DVD Review: 'Kill Your Darlings'

★★★☆☆
Kill Your Darlings (2013), director John Krokidas' ambitious debut feature, is about the early years of the hedonistic group of American writers who became known as the Beat Generation, as well as the violent murder that nearly derailed their literary movement in its infancy. It's autumn 1943 and the Second World War is raging, but the battlefields of Europe seem a million miles away from Columbia University where freshman Allen Ginsberg (Harry Potter's Daniel Radcliffe) meets sophomore Lucien Carr (Dane DeHaan) for the first time. Ginsberg is immediately drawn to Carr's subversive energy and his love of such unorthodox writers as Henry Miller and Arthur Rimbaud.

Carr, recognising a likely partner in crime, draws the naïve Ginsberg under his wing and introduces him to his older friends from St Louis - William Burroughs (Ben Foster) and David Kammerer (Michael C. Hall) - as well as the best drinking dens and jazz bars in New York. After Ginsberg discovers Kammerer has an unhealthy sexual obsession with Carr, the two begin to compete for his affections. Carr needs Kammerer to write his essays for him and so tolerates his jealous tantrums. However, he refuses to be tied down to either and is quick to shift allegiances as and when it suits him. Carr's easy, debonair charm also attracts new friends, like Jack Kerouac (Boardwalk Empire star Jack Huston) and his partner Edie Parker (Elizabeth Olsen, next to be seen in Gareth Edwards' Godzilla reboot).

Kill Your Darlings is at its most engaging when Krokidas slows down the frenetic pace and focuses on specific incidents. Burroughs, Carr, Ginsberg and Kerouac form a rebellious band, the Libertine Circle, dedicated to challenging the literary establishment, pushing against conventions, and dabbling in different drugs. One of the best moments in the film is when they break into the university library at night and fill the glass display cabinets with subversive, erotic and banned literature. It's a rite of passage for Ginsberg, in terms of sex, drugs and writing, while Carr undergoes a more sinister life-transforming experience that also proves his salvation.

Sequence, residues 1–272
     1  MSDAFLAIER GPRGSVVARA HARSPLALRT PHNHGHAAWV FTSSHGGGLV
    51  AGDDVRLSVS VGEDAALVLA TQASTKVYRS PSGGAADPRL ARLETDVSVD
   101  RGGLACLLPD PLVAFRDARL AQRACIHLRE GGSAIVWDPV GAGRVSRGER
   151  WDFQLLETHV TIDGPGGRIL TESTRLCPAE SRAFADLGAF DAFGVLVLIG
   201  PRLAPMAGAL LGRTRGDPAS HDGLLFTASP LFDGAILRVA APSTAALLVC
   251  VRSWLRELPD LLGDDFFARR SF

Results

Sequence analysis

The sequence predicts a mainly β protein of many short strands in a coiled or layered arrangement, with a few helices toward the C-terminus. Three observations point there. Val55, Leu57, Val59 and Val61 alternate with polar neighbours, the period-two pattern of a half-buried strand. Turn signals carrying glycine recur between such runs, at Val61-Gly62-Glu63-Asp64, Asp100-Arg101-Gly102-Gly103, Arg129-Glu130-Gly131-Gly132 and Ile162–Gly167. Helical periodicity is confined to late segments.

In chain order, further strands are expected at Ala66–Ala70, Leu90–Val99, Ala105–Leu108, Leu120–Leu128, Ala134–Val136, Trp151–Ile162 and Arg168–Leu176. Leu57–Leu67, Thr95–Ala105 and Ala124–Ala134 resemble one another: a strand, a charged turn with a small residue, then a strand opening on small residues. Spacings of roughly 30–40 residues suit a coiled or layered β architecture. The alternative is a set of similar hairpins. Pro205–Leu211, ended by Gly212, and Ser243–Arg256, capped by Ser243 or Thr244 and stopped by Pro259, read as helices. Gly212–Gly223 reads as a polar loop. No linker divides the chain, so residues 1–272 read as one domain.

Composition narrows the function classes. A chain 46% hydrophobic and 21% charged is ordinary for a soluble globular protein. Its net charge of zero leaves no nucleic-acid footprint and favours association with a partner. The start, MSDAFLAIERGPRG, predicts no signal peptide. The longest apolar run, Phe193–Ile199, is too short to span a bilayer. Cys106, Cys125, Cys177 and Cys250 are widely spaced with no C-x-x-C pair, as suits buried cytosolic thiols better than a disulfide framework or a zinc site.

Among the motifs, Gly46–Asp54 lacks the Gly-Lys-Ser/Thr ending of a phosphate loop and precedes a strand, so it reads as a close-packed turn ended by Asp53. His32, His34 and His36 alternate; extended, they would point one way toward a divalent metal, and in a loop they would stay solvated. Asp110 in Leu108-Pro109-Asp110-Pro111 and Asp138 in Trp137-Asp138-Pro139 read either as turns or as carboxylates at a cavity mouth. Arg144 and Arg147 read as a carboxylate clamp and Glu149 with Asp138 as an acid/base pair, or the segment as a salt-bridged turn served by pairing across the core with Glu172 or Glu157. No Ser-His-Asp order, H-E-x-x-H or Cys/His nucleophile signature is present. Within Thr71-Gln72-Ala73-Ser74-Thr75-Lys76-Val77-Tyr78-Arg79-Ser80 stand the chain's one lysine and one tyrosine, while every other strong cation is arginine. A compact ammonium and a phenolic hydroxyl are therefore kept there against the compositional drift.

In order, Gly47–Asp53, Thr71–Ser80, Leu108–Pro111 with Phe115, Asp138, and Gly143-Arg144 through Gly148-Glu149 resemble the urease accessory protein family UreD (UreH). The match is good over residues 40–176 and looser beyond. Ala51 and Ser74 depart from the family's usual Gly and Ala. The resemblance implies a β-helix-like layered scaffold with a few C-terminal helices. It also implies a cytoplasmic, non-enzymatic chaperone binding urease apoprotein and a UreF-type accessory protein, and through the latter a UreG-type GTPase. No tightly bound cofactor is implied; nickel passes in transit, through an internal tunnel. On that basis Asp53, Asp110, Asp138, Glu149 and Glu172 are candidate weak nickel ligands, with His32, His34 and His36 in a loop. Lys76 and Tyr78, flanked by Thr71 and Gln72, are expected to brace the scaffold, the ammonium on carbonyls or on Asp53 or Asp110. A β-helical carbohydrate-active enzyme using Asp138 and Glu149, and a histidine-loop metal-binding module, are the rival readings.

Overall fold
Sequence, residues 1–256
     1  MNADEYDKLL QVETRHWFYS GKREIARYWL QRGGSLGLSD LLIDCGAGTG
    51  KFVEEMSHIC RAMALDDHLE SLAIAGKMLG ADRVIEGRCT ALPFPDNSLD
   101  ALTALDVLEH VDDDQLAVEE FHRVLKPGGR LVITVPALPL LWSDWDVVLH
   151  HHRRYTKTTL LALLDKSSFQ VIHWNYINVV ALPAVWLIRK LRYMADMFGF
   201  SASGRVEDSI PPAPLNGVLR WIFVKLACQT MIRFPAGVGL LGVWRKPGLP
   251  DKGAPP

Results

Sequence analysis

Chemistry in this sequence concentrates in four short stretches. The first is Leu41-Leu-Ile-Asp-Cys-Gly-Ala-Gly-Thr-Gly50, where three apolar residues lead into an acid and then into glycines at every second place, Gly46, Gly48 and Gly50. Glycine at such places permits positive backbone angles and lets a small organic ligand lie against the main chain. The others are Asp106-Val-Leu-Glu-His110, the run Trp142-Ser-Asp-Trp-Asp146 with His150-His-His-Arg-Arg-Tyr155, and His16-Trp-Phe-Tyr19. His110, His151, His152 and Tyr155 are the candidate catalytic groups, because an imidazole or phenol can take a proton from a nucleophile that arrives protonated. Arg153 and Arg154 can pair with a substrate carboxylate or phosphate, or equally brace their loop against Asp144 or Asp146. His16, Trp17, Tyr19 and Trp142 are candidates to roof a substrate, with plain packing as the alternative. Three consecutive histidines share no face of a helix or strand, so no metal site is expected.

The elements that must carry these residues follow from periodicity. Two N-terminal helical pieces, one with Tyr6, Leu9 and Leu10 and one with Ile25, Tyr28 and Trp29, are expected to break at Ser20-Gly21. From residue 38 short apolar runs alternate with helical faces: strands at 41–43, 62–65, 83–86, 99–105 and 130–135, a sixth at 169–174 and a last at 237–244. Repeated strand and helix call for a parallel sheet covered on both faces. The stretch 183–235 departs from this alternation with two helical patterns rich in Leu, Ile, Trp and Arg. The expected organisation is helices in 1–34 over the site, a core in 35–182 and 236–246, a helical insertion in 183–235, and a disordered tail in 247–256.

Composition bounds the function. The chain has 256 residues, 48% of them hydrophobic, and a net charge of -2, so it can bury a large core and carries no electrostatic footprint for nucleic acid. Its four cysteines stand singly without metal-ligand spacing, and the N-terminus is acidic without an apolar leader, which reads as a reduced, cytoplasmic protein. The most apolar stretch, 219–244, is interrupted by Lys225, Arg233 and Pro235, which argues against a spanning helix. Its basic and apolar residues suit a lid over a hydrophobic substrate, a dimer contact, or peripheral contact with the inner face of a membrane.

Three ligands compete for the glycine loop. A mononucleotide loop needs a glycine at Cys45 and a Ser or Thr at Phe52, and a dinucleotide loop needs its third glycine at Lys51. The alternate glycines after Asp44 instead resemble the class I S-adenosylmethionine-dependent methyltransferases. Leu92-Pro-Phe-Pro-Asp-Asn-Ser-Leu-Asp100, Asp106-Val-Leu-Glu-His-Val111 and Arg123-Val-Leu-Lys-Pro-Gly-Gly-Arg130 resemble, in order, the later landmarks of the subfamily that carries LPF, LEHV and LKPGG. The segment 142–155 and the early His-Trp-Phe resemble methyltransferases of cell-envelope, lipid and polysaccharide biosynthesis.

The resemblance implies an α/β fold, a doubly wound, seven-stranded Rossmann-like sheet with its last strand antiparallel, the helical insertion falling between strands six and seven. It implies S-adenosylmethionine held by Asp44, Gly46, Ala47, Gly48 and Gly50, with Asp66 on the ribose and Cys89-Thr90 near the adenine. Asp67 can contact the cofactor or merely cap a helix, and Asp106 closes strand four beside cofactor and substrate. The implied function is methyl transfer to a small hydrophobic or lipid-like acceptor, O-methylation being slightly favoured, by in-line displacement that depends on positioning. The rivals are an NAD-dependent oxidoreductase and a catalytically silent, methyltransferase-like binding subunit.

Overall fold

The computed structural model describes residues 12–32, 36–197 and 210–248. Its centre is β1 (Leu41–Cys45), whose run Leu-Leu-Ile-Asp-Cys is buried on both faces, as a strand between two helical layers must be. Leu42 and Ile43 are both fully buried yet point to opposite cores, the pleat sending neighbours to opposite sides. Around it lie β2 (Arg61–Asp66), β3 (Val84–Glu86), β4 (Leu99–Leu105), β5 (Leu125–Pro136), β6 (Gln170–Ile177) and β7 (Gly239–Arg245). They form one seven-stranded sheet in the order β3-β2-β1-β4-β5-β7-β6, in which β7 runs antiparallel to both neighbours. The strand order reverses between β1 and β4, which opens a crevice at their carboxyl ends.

Kill Your Darlings is entertaining enough, but Krokidas' attempts to recreate the unruliness of their lives feels rushed and it's sometimes hard to process all the visual clues and signifiers he gives us. The occasional incoherence of the narrative is redeemed by the acting. Despite looking disconcertingly youthful, Radcliffe and DeHaan both convey a smouldering intensity on screen and Hall is suitably menacing as Carr's stalker, but Foster, Huston and Olsen's characters are less developed and disappointingly under-used. Like the Beatniks' early work, Kill Your Darlings is memorable, often eloquent, but ultimately flawed.

Lucy Popescu

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